College of Education and Human Development Statue

COVID-19 Updates and Guidance


Our top priority during this time is to ensure the safety of our students, faculty and staff. Review our FAQs and stay updated.

CEHD Updates & FAQs

We will continue to update information as it comes available.

Throughout our history we have been charged with transforming and enriching lives through education and health. Created as a school for teachers, we are now a school for leaders.

We offer 21 undergraduate programs and more than 30 graduate programs across multiple emphasis areas.

Educators, sports professionals, business leaders, healthcare professionals. Whatever the industry, our graduates are game-changers. Our graduates transform lives.

We Teach Texas


We are proud to be one of 11 universities in the Texas A&M University System preparing educators for Texas school systems.

For the 2019-2020 school year, the Texas Education Agency reported there were more than 10,000 Aggies working in Texas schools across 738 districts and 213 counties. Thanks to our excellence in teacher preparation, these Aggies will stay in the classrooms long after their peers.

Become a Teacher

Learn about the TAMUS initiative

Departments in the College of Education & Human Development

Business professionals meeting outside of a cubicle workspace.

EAHR develops educational leaders and improves practice through teaching, research and service.

Educational Psychology Teacher Painting Students

EPSY is home to a variety of interrelated disciplines and degree options focused on human development and well-being in educational and community contexts.

Health-kinesiology

HLKN is the largest academic department at Texas A&M University and generates over 98,000 credit hours and 203,000 (Modified) weighted student credit hours each year.

Teaching learning culture middle grades classroom

TLAC’s mission is to create experiences that advance teaching, research and service through the application of knowledge in the preparation and development of quality educators; placing high value on collaboration, diversity, critical thinking, and creativity.

Staff and Faculty Kudos

If you’ve had a great encounter with a College of Education and Human Development faculty or staff member, tell us about it! Nominate them here.

Improving stroke patient rehabilitation with augmented reality

Improving stroke patient rehabilitation with augmented reality
October 29, 2020 Heather Janak
0000

Improving stroke patient rehabilitation with augmented reality

Patients that experience a stroke, a sudden interruption in the blood supply of the brain, often experience loss of sensation and difficulty speaking and walking.

Dr. John Buchanan in the Department of Health and Kinesiology found that virtual training, like virtual and augmented reality, can support the rehabilitation processes after stroke and certain types of traumatic brain injuries.

Buchanan is a professor and kinesiology researcher with 25 years of experience in identifying how we control and coordinate motions of body and limbs to move and interact with objects in the world. He was looking for a way to apply his findings to real-life clinical problems.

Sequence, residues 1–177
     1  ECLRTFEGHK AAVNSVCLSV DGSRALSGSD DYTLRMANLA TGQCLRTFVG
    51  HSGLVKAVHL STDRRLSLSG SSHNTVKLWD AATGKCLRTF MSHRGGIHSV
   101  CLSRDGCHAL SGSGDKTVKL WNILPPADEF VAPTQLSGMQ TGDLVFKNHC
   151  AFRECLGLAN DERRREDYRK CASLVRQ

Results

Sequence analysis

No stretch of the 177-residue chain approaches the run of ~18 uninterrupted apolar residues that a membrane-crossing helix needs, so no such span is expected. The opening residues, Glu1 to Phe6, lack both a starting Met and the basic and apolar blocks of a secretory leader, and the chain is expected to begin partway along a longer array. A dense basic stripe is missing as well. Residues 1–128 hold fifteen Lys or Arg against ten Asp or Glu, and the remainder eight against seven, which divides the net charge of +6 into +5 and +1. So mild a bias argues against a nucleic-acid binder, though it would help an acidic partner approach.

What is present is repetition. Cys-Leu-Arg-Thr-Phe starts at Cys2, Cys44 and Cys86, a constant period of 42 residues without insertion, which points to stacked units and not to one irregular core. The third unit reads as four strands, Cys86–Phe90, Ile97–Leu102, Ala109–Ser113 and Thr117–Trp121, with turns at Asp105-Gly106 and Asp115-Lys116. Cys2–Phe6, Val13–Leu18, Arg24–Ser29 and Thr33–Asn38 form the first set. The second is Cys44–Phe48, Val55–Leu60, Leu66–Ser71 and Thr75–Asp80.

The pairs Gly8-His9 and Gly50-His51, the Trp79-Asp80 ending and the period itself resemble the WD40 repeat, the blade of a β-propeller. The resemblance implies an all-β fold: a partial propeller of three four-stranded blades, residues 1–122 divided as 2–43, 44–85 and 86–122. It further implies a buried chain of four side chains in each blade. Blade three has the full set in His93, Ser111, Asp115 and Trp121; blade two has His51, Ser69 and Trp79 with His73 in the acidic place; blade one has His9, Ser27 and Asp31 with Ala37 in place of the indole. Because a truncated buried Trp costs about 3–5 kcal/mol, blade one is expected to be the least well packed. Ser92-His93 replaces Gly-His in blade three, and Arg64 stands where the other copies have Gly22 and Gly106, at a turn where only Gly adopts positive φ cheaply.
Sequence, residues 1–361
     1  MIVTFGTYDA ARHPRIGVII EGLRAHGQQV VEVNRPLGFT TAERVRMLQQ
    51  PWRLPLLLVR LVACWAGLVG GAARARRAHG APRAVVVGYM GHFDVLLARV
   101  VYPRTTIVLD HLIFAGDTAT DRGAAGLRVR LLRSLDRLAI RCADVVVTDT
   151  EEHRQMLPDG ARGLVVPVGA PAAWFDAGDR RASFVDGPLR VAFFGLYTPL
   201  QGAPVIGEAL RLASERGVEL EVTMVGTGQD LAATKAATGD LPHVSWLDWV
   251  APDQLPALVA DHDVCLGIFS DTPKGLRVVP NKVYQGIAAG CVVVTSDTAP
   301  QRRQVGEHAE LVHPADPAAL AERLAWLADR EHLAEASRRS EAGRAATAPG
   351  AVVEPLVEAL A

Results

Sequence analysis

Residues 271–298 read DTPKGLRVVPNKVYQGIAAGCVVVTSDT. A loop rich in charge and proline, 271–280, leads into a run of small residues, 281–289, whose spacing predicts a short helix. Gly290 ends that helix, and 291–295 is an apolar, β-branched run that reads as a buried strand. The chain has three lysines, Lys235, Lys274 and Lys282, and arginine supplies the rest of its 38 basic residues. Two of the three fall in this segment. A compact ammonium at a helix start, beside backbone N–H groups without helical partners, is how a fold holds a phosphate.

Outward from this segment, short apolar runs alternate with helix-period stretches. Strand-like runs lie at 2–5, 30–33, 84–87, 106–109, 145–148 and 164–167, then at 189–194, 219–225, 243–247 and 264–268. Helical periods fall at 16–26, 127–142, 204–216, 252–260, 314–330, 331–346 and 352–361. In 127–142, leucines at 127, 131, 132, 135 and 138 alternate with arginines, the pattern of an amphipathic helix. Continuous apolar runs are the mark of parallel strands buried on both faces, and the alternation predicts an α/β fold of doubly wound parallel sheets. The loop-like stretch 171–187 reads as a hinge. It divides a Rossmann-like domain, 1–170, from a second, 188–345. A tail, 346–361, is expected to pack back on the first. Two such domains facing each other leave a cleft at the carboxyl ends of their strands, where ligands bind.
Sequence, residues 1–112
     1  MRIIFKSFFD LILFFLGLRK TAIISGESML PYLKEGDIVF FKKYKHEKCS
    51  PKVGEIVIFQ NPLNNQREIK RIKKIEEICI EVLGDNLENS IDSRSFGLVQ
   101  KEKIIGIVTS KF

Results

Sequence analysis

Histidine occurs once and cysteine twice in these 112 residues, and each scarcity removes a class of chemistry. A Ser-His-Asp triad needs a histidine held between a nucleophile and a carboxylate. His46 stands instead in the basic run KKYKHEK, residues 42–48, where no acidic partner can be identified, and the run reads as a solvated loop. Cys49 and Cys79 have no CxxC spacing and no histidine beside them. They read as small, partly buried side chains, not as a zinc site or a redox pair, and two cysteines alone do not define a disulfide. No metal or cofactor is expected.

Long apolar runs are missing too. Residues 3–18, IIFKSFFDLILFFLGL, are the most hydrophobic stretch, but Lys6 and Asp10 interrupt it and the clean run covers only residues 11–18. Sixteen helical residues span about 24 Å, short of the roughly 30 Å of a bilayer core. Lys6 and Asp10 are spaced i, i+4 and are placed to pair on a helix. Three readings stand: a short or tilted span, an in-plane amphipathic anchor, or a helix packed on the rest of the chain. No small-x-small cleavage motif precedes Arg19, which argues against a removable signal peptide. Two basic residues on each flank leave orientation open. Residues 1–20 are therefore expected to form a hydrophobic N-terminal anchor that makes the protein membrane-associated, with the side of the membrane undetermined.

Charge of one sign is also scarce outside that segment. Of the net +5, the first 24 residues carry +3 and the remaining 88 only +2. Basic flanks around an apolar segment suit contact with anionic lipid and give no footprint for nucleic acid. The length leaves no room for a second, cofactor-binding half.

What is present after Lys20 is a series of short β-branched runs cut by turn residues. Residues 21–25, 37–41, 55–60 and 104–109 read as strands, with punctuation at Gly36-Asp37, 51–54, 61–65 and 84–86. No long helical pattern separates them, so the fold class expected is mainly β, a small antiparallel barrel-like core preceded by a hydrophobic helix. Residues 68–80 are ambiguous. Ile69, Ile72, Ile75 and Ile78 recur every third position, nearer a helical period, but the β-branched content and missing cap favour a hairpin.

He met several engineers on campus that also had rehabilitation interests and decided to join together to form a team with the end goal of enhancing rehabilitation practices. Members of this team include Sivakumar Muthukumaraswamy, Amarnath Banerjee, Austin McCulloch and Nina Robson from California State University Fullerton.

Buchanan and his team conducted research using an AR system composed of a VR headset, a motion controller, associated VR driving software and a camera system to track motion from the user’s arm.

“Our research outlines the development of a 3D virtual display of arm motions, such as pointing, reaching and rotating the forearm,” Buchanan said.

One of the biggest challenges the team encountered was the development of life-like movements of the limbs. They worked around this by recording a real person producing the movements using a 3D camera system.

The researchers imported this data into the 3D virtual environment that appears to the user wearing a headset. They tested the setup with stroke patients and non-stroke patients.

“We demonstrated that post-stroke patients could accurately identify the arm that moved, left or right, and the action that was produced,” Buchanan said.

This research shows that AR/VR can be used to reduce fatigue associated with intense physical practice that occurs after a stroke. Supplementing physical training processes with observational learning processes like this one can improve the recovery of activities for daily living.

“Technology can supplement rehabilitation and provides a means to take rehab from the clinic to the home through the development of in-home 3D virtual reality rehab systems that are based on the study of motor control/learning processes,” Buchanan said.

About the Writer


Heather is responsible for news coverage in the Department of Health and Kinesiology, as well as the Department of Educational Administration and Human Resource Development.

Articles by Heather

For media inquiries, contact our Media Relations Coordinator, Ashley Green

Fundraising


To learn more about how you can assist in fundraising, contact Jody Ford ’99, Sr. Director of Development jford@txamfoundation.com or 979-847-8655

Recent Posts


Can't find what you are looking for?

Contact CEHD
Translate »